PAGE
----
# BSc Mathematics with Finance

Year of entry: 2022

## Course unit details:Probability 1

Unit code MATH10141 10 Level 1 Semester 1 Department of Mathematics No

### Overview

The course gives a general introduction to probability and statistics and is a prerequisite for all future probability and statistics courses.

### Aims

The aims of this course are to introduce the basic ideas and techniques of probability, including the handling of random variables and standard probability distributions and the crucial notions of conditional probability and of independence.

### Learning outcomes

On successful completion of this module students will be able to:

• calculate various probabilities on a discrete probability space through counting arguments using combinations, permutations, factorials and multinomials;
• state, prove, apply, and extend various identities for the set operations in probability;
• calculate probabilities through appropriate application of conditional probabilities and independence;
• evaluate and prove properties of the expectation and variance of random variables in both the discrete and continuous setting including Bernoulli, Binomial, Geometric, Poisson, and Normal distributions;
• convert distributions between normal distributions and the standard normal distribution and state their application in results such as the the weak law of large numbers and central limit theorem;
• state, prove, apply and extend probabilistic inequalities such as Markov's inequality and Chebychev's inequality.

### Syllabus

1. Random experiments, sample space and events, the algebra of events (sets, unions, intersections, complementations, De Morgan’s laws). Axioms of probability. Equally likely events. Combinatorial probability. [4]
2. Conditional probability of an event. Multiplication rule. Partition theorem, Bayes' theorem and applications. Independent events. [4]
3. Random variables. Definition. Distribution function. Discrete random variables and probability mass function. Continuous random variables, probability density function and its relation to the distribution function. Calculating probabilities of events defined by random variables. Finding the distribution function of random variables using equivalent events (discrete functions only). [3]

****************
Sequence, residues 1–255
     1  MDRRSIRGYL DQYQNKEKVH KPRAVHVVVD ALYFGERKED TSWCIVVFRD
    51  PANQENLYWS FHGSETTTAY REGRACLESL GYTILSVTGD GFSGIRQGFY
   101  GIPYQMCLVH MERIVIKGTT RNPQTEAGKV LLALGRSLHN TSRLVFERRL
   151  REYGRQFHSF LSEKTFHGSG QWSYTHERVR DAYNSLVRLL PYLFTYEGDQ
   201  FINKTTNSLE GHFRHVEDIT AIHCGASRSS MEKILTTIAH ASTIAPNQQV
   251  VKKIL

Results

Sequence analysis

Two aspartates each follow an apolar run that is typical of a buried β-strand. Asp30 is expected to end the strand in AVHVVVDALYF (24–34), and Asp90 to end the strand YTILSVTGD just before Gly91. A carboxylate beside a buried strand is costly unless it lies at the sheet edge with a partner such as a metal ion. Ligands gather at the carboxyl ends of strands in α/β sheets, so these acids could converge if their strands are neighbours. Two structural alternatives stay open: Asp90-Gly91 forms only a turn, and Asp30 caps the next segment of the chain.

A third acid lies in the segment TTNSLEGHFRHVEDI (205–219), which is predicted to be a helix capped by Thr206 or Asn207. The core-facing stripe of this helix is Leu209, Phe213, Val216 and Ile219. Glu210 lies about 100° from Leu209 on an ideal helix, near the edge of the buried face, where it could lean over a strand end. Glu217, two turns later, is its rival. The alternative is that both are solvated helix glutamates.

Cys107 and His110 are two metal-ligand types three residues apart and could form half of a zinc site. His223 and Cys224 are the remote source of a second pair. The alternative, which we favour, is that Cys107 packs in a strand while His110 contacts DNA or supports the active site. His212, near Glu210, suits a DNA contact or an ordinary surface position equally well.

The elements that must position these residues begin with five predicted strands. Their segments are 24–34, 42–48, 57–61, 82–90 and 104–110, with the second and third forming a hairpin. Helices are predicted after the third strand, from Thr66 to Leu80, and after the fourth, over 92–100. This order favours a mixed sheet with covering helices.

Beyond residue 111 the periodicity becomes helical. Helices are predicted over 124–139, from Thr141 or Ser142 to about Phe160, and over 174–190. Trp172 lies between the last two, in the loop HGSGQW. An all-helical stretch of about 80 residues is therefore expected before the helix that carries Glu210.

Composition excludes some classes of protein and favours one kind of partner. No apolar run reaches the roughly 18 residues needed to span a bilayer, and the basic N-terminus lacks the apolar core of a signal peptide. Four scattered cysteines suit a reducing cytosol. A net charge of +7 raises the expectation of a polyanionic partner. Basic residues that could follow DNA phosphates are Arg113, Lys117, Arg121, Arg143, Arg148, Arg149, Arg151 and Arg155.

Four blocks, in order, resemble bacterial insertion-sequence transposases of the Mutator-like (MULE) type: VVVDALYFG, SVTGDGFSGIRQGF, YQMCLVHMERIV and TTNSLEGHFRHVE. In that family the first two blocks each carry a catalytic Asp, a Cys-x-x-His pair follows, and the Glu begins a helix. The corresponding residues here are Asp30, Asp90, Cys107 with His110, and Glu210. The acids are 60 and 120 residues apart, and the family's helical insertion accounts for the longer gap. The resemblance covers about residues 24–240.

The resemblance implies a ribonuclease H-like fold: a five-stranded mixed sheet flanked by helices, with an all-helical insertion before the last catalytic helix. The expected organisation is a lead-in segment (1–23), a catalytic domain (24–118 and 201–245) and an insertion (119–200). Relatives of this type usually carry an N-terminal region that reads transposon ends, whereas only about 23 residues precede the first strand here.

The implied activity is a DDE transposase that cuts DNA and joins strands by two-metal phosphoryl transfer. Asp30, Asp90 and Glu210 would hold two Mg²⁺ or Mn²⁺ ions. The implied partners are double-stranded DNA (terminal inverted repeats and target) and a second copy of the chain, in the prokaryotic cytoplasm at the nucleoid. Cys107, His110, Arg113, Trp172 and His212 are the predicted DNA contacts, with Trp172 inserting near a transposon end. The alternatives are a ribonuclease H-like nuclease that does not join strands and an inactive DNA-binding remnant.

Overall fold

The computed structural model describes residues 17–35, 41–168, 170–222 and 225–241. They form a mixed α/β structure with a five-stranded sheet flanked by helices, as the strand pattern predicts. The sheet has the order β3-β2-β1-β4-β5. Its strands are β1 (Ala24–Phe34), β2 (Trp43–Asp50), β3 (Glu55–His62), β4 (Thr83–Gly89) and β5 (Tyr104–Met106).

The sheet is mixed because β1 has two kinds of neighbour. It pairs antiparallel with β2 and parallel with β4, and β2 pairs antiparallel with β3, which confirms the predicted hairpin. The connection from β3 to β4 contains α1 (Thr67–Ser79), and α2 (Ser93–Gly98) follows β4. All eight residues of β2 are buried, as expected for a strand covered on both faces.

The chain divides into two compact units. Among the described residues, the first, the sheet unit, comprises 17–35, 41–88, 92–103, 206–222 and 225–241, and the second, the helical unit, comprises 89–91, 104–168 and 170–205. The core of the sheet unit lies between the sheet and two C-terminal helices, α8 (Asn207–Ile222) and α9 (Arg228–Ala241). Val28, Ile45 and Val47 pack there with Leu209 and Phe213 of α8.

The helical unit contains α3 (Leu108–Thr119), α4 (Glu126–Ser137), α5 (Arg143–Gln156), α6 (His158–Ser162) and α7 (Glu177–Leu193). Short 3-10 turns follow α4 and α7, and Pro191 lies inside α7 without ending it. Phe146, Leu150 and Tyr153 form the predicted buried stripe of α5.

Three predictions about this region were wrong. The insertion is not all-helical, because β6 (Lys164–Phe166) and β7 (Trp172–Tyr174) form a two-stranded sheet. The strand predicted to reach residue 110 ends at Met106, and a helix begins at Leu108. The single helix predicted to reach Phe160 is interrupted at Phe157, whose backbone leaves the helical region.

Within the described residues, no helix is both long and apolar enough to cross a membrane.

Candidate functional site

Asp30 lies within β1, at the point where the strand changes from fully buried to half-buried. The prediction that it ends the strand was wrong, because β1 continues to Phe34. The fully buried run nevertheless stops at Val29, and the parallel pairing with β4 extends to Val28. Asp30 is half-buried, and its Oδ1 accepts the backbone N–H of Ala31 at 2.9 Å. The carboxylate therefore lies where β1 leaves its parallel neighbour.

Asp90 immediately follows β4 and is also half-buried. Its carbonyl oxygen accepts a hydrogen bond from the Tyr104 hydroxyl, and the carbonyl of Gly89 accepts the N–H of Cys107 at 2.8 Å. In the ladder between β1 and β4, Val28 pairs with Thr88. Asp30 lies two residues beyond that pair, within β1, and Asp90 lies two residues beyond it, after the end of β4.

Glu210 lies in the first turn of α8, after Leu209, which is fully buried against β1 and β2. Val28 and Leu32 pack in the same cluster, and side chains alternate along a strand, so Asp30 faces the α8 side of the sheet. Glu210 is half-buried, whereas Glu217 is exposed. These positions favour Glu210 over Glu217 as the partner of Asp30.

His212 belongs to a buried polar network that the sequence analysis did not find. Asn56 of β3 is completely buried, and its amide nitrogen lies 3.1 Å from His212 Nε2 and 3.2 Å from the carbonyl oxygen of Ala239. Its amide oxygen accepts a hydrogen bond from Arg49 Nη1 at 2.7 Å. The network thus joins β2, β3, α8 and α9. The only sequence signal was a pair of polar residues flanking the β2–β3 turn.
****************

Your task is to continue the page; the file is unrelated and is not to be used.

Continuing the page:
4. Expectation and variance of a random variable and of a function of a random variable (including standardising). Basic properties of expectation and variance. [2]
5. Probability distributions including the Binomial, Geometric, Poisson, Normal and Exponential distributions. Standardisation of Normal variables. Poisson and Normal approximation to Binomial. [3]
6. Independent random variables. Expectation and variance of a linear combination of independent random variables. Discussion of the Normal case. [2]
7. Independent trials. Chebychev’s inequality. Weak Law of Large Numbers. The Central Limit Theorem. [4]

### Assessment methods

Method Weight
Other 20%
Written exam 80%
• Coursework; Weekly in class tests in the computer cluster, weighting within unit 20%
• Examination; Weighting within unit 80%

### Feedback methods

Feedback seminars will provide an opportunity for students' work to be discussed and provide feedback on their understanding.  Coursework or in-class tests (where applicable) also provide an opportunity for students to receive feedback.  Students can also get feedback on their understanding directly from the lecturer, for example during the lecturer's office hour.

• S. Ross. A First Course in Probability, Macmillan.
• D. Stirzaker. Elementary Probability, Cambridge University Press. Available electronically
• J. McColl. Probability, London : Edward Arnold, 1995.
• N.A. Weiss, A Course in Probability, Pearson.

### Study hours

Scheduled activity hours
Lectures 11
Practical classes & workshops 11
Tutorials 11
Independent study hours
Independent study 67

### Teaching staff

Staff member Role
Thomas Bernhardt Unit coordinator